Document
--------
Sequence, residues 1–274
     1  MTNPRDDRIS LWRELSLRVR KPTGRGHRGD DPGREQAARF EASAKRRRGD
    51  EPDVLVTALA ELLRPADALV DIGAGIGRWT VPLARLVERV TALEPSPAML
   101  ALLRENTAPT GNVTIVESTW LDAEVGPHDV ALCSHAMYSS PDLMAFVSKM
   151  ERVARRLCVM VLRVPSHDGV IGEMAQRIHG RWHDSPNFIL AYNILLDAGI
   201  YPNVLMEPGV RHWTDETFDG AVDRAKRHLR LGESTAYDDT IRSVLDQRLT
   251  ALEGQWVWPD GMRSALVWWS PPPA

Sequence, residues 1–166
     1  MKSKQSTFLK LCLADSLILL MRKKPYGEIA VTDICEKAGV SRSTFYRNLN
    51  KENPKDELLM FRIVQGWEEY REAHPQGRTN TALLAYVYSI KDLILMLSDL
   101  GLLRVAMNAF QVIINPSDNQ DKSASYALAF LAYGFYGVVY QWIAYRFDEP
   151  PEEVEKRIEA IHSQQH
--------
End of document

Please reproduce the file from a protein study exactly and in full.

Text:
Sequence, residues 1–274
     1  MTNPRDDRIS LWRELSLRVR KPTGRGHRGD DPGREQAARF EASAKRRRGD
    51  EPDVLVTALA ELLRPADALV DIGAGIGRWT VPLARLVERV TALEPSPAML
   101  ALLRENTAPT GNVTIVESTW LDAEVGPHDV ALCSHAMYSS PDLMAFVSKM
   151  ERVARRLCVM VLRVPSHDGV IGEMAQRIHG RWHDSPNFIL AYNILLDAGI
   201  YPNVLMEPGV RHWTDETFDG AVDRAKRHLR LGESTAYDDT IRSVLDQRLT
   251  ALEGQWVWPD GMRSALVWWS PPPA

Sequence, residues 1–166
     1  MKSKQSTFLK LCLADSLILL MRKKPYGEIA VTDICEKAGV SRSTFYRNLN
    51  KENPKDELLM FRIVQGWEEY REAHPQGRTN TALLAYVYSI KDLILMLSDL
   101  GLLRVAMNAF QVIINPSDNQ DKSASYALAF LAYGFYGVVY QWIAYRFDEP
   151  PEEVEKRIEA IHSQQH